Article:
Kōgen Mizuno prepared another edition of the text in 1990, published under the title A Study of the Buddhist Hybrid Sanskrit Dharmapada II. Buddhist Studies (Bukkyō Kenkyū, XIX, 1990). However, this has no independent value, as Mizuno had not seen the photographs and it is simply based on Shukla and Roth. Mizuno also discussed the text in Dharmapadas of Various Buddhist Schools; pp 255-267 of Studies in Pali and Buddhism, A Memorial Volume in Honor of Bhikkhu Jagdish Kashyap, Delhi, 1979. and A Comparative Study of Dharmapadas. pp 168-175 of Buddhist Studies in Honour of Hammalava Saddhātissa, Nugegoda, 1984.
Roth once more made a study of the text which was presented as the 2nd Rahul Sankrityayana Memorial Lecture in Patna in 1998, later published by the Patna Museum in 2000, under the title Discussions About The Patna Dharmapada.
Prof. K. R. Norman has contributed a number of articles in which he wrote about the Patna text; Most notably Notes on the Patna Dhammapada, reproduced as no 78 in his Collected Papers, vol. IV, pp 1-17, published prior to Cone’s edition. and his translation of the Pāḷi Dhammapada The Word of the Doctrine, PTS, 1997. included much discussion of the Patna text.
In 1997 Peter Skilling wrote a paper On the School-affiliation of the “Patna Dhammapada”. JPTS vol. XXIII, pp 83-122.
The Text and Translation
In 2007 I received permission from Dr. Cone and the Pali Text Society to reproduce her edition of the text online. See http://bit.ly/PDhpText. When I prepared the digital edition I made two studies of the text, as well as analysing and writing a running commentary on the prosody of the text. That transcription now forms the basis for the text presented here.
Dr. Cone had prepared a translation of the text for her thesis, a copy of which is with me, but she has never published it, and doesn’t intend to. Private communication to me around 2007. My translation of Patna, which is the first published translation of the text that I know of, was based primarily on my own translation of the Pāḷi text, with the required changes owing to the difference in readings between the texts, together with other translations I made afresh from Pāḷi canonical texts and from the Udānavarga. I then read through Cone’s thesis, including her translation, which led me to making some corrections to my own translation.
As the language and forms of the text have been described and discussed in detail by some of the greatest philologists of our time, it seemed redundant to repeat, or try to add to, their descriptions and arguments here.
Rather I have taken a different approach here, presenting the text and translation, together with just one close parallel for comparison, normally from a Pāḷi text, I have quoted the Udānavarga text as established by F. Bernhard, Göttingen, 1965, which is reproduced with permission. to indicate the sorts of variations that occur, without overburdening the student with scholarly discussion. In both the parallel text and its translation I have italicised the words that differ, adding notes only when I wished to say more about the difference.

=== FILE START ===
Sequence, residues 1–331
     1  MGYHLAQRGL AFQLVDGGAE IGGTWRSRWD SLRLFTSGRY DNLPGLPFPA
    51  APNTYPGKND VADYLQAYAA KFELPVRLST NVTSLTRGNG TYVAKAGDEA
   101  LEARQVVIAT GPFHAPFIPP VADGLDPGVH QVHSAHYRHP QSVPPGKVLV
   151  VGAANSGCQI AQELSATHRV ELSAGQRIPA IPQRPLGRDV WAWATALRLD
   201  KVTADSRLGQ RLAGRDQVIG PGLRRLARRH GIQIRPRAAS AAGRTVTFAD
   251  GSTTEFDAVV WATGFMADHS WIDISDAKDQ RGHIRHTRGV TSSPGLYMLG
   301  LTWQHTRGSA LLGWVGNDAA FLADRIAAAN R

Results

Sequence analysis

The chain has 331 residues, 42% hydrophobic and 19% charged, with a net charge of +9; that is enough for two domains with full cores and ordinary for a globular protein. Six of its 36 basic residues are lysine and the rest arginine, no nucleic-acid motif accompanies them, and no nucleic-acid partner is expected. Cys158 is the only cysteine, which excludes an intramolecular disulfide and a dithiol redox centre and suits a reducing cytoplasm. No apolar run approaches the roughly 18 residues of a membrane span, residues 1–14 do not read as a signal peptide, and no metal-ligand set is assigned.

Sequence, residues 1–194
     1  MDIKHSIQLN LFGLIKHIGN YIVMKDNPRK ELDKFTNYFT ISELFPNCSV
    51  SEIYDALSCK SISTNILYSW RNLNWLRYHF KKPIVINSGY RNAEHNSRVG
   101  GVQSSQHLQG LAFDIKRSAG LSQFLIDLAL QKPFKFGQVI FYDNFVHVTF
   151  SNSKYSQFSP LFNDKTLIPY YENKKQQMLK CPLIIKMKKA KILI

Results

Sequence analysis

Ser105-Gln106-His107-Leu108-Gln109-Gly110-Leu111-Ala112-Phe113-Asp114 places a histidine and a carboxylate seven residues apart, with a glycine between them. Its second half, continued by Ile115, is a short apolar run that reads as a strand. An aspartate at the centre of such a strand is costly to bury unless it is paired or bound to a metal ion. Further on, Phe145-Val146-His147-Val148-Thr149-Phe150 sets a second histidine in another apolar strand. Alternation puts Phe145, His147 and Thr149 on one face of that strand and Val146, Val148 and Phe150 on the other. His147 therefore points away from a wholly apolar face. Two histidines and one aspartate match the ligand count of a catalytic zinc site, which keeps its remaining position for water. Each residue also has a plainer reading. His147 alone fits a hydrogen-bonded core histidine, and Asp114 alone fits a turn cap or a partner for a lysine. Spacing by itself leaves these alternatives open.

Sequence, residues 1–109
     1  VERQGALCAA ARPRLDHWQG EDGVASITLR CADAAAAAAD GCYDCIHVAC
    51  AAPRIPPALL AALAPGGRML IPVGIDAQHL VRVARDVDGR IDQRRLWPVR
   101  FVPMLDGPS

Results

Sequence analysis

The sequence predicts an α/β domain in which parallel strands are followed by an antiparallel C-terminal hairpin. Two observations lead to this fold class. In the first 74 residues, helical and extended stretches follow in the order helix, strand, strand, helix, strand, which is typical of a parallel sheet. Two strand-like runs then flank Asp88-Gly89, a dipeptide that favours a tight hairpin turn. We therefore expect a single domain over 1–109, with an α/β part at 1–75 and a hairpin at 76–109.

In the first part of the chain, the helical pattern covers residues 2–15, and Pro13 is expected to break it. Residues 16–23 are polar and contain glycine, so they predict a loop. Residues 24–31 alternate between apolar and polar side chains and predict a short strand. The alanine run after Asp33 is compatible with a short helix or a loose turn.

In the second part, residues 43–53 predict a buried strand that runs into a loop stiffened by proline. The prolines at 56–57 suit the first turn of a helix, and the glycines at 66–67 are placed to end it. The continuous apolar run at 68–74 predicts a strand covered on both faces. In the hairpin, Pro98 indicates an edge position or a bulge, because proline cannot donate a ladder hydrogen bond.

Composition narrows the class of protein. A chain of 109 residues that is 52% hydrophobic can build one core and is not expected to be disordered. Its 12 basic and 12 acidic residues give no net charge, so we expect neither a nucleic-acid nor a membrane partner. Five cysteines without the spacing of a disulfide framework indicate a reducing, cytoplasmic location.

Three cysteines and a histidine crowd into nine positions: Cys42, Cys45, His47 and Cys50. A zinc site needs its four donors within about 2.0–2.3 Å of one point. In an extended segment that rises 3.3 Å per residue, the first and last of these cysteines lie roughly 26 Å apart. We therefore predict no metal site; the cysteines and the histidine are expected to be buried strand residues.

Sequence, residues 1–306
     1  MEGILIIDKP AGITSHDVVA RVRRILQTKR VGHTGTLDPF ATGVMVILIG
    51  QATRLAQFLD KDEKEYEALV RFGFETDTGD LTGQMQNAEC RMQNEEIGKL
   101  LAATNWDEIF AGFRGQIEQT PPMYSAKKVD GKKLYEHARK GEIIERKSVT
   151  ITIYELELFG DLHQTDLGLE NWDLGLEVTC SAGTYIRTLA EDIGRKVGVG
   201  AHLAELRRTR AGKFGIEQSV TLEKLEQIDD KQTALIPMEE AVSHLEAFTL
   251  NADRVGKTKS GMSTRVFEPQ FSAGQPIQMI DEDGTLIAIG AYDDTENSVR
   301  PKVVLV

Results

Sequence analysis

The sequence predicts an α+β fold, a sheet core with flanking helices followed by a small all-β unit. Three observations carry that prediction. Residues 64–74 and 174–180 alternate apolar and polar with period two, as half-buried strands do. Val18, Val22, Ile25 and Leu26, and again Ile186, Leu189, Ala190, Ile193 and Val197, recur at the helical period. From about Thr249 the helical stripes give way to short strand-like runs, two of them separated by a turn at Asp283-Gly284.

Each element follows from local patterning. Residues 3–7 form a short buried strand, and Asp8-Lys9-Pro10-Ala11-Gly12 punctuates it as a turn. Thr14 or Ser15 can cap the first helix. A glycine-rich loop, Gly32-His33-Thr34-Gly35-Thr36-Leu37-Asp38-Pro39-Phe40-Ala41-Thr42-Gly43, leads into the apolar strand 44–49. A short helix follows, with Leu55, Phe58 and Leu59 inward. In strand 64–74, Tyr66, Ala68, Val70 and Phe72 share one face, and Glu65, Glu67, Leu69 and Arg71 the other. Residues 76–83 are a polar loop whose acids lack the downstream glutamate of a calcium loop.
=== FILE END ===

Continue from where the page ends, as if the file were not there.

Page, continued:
For this edition of the text I made numerous changes to the way Cone printed it, following the methods normally adopted when printing Pāḷi texts. Hence here you find:
• Repunctuation throughout to follow sense,
• Capitalisation of the start of sentences and proper names,
• The elision sign (avagraha) removed or added as needed,
• Class nasal written in place of niggahīta, so that e.g. saṃtuṣito >> santuṣito; naṃdati >> nandati; anuyuṃjanti >> anuyuñjanti, etc.
• Uncertain readings are marked with red coloured text, e.g. manopūrvvaṁgamā,
• Some readings, which are not visible in the photographs that Cone was working from, are supplied either from Roth’s reconstruction in his edition, or by myself. I marked these additions with green coloured text, e.g. bhojanamhi ca māttraṁñū saddhaṁ.
To distinguish them clearly, Patna is presented in bold blue text, with its translation in dark red:
Na jaṭāhi na gotreṇa, na jāccā hoti brāhmaṇo,
Not because of matted hair, family or birth is one a true brahmin,
yo tu bāhati pāpāni, aṇutthūlāni sabbaśo,
he who wards off wickedness, small or great, in every way,
bāhanā eva pāpānāṁ, brahmaṇo ti pravuccati.
through warding off wickedness, he is called a brahmin.
The Pāḷi comparison texts are given in bold purple, with its translation in green:
Na jaṭāhi na gottena, na jaccā hoti brāhmaṇo,
Not because of matted hair, family or birth is one a true brahmin,
yamhi saccañ-ca Dhammo ca, so sucī so va brāhmaṇo.
in whom there is truth and Dhamma, that one is pure, that one is surely a brahmin.
The Udānavarga comparison texts are in bold teal, with its translation in dark yellow:
Na jaṭābhir na gotreṇa, na jātyā brāhmaṇaḥ smtaḥ,
Not because of matted hair, family or birth is one thought of as a brahmin,
yas tu vāhayate pāpāny aṇusthūlāni sarvaśaḥ,
he who leads off wickedness, small or great, in every way,
vāhitatvāt tu pāpānāṁ, brāhmaṇo vai nirucyate.
through leading off wickedness, he is called a brahmin.
I am very grateful indeed to Ayyā Sudhammā Therī, who has helped me with this and many other works. She has such a sharp eye that hardly a misplaced comma or full-stop escape her, let alone misspellings and other misdemeanours. The corrections I was able to make through her meticulous reading are innumerable, but if any faults remain, it is, of course, my fault entirely.
last updated: November 2017